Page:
How I Built This with Guy Raz How I Built This is a podcast about innovators, entrepreneurs, and idealists, and the stories behind the movements they built. Each episode is a narrative journey marked by triumphs, failures, serendipity and insight — told by the founders of some of the world's best known companies and brands. If you've ever built something from nothing, something you really care about — or even just dream about it — check out How I Built This hosted by Guy Raz @guyraz. Follow the show @HowIBuiltThis.
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How I Built This with Guy Raz

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How I Built This is a podcast about innovators, entrepreneurs, and idealists, and the stories behind the movements they built. Each episode is a narrative journey marked by triumphs, failures, serendipity and insight — told by the founders of some of the world's best known companies and brands. If you've ever built something from nothing, something you really care about — or even just dream about it — check out How I Built This hosted by Guy Raz @guyraz. Follow the show @HowIBuiltThis.More from How I Built This with Guy Raz »

Most Recent Episodes

Whitney Wolfe, founder of Bumble. Angie Wang for NPR hide caption

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Angie Wang for NPR

Bumble: Whitney Wolfe

At age 22, Whitney Wolfe helped launch Tinder, one of the world's most popular dating apps. But a few years later, she left Tinder and filed a lawsuit against the company alleging sexual harassment. The ensuing attention from the media – and cyberbullying from strangers – prompted her to launch Bumble, a new kind of dating app where women make the first move. Today, the Bumble app has been downloaded more than 20 million times. PLUS for our postscript "How You Built That," how Michelle Innis invented De-Fishing soap to freshen up her fisherman husband, and how it wound up in WalMart.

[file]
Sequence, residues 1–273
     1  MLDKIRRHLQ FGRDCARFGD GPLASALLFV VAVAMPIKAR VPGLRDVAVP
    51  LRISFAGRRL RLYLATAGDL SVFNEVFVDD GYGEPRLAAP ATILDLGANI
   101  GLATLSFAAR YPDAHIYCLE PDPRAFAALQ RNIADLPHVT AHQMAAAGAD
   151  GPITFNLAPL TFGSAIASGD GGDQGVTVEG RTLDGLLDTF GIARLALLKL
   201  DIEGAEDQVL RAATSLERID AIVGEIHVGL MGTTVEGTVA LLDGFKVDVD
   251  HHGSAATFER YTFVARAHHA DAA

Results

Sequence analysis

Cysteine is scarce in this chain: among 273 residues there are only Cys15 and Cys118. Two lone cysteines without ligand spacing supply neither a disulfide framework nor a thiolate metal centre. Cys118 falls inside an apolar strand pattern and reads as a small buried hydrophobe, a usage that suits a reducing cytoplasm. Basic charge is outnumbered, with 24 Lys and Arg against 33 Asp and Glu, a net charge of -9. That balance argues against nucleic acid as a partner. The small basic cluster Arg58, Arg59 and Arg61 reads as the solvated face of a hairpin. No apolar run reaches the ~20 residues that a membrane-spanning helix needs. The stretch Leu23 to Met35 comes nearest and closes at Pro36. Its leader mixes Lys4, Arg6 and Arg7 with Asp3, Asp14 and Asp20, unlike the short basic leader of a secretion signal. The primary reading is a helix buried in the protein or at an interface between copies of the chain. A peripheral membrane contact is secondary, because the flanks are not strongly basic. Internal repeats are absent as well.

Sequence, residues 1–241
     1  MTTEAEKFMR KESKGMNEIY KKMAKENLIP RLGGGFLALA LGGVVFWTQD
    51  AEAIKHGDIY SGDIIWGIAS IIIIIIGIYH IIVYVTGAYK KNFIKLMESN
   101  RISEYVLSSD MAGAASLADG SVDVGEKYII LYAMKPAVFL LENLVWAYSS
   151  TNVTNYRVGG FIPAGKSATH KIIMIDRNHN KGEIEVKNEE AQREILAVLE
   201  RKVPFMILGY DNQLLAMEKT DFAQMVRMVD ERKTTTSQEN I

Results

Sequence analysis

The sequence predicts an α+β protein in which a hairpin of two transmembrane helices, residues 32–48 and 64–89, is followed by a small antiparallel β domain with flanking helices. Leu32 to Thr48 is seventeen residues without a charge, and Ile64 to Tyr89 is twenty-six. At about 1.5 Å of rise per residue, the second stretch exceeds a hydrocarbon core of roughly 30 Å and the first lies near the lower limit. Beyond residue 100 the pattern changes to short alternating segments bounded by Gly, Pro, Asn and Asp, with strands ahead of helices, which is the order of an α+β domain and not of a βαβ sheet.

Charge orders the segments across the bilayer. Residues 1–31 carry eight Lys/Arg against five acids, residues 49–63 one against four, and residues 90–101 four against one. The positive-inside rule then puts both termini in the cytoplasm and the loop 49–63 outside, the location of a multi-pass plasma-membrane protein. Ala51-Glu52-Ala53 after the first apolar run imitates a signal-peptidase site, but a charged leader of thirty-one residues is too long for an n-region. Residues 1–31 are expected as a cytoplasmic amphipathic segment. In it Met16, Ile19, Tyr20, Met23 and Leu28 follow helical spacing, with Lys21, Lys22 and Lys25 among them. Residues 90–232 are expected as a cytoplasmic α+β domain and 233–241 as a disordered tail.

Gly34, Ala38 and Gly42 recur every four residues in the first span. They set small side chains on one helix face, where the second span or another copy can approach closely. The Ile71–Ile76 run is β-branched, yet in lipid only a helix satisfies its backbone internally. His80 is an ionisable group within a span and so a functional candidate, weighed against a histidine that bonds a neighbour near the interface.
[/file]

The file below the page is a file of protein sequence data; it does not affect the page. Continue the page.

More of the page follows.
Bumble: Whitney Wolfe

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Wendy Kopp, founder of Teach For America Connor Heckert for NPR hide caption

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Connor Heckert for NPR

Teach For America: Wendy Kopp

In 1989, college senior Wendy Kopp was trying to figure out how to improve American public schools. For her senior thesis, she proposed creating a national teaching corps that would recruit recent college grads to teach in underserved schools. One year later, she launched the nonprofit, Teach for America. Today, TFA has 50,000 alumni, a budget of nearly $300 million, and continues to place thousands of teachers across the country. PLUS in our postscript "How You Built That," how a game of Secret Santa led Chris Waters to create Constructed Adventures, elaborate scavenger hunts for all occasions.

Teach For America: Wendy Kopp

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Host Guy Raz speaks with Gary Hirshberg, founder of yogurt maker Stonyfield. Suharu Ogawa for NPR hide caption

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Suharu Ogawa for NPR

Stonyfield Yogurt: Gary Hirshberg

In 1983, two hippie farmers decided to sell homemade organic yogurt to help raise money for their educational farm in New Hampshire. As the enterprise grew into a business, it faced one near-death experience after another, but it never quite died. In fact it grew — into one of the most popular yogurt brands in the US. PLUS in our postscript "How You Built That," how Indiana Jones inspired Steve Humble to sell secret passageways for a living.

Stonyfield Yogurt: Gary Hirshberg

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Host Guy Raz speaks with Starbucks' Howard Shultz in a special live episode recorded in Seattle. Angie Wang for NPR hide caption

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Angie Wang for NPR

Live Episode! Starbucks: Howard Schultz

During his first visit to Seattle in 1981, Howard Schultz walked into a little coffee bean shop called Starbucks and fell in love with it. A few years later, he bought the six-store chain for almost 4 million dollars, and began to transform it into a ubiquitous landmark, a "third place" between home and work. Today Starbucks is the third largest restaurant chain in the world, serving about 100 million people a week. Recorded live in Seattle.

Live Episode! Starbucks: Howard Schultz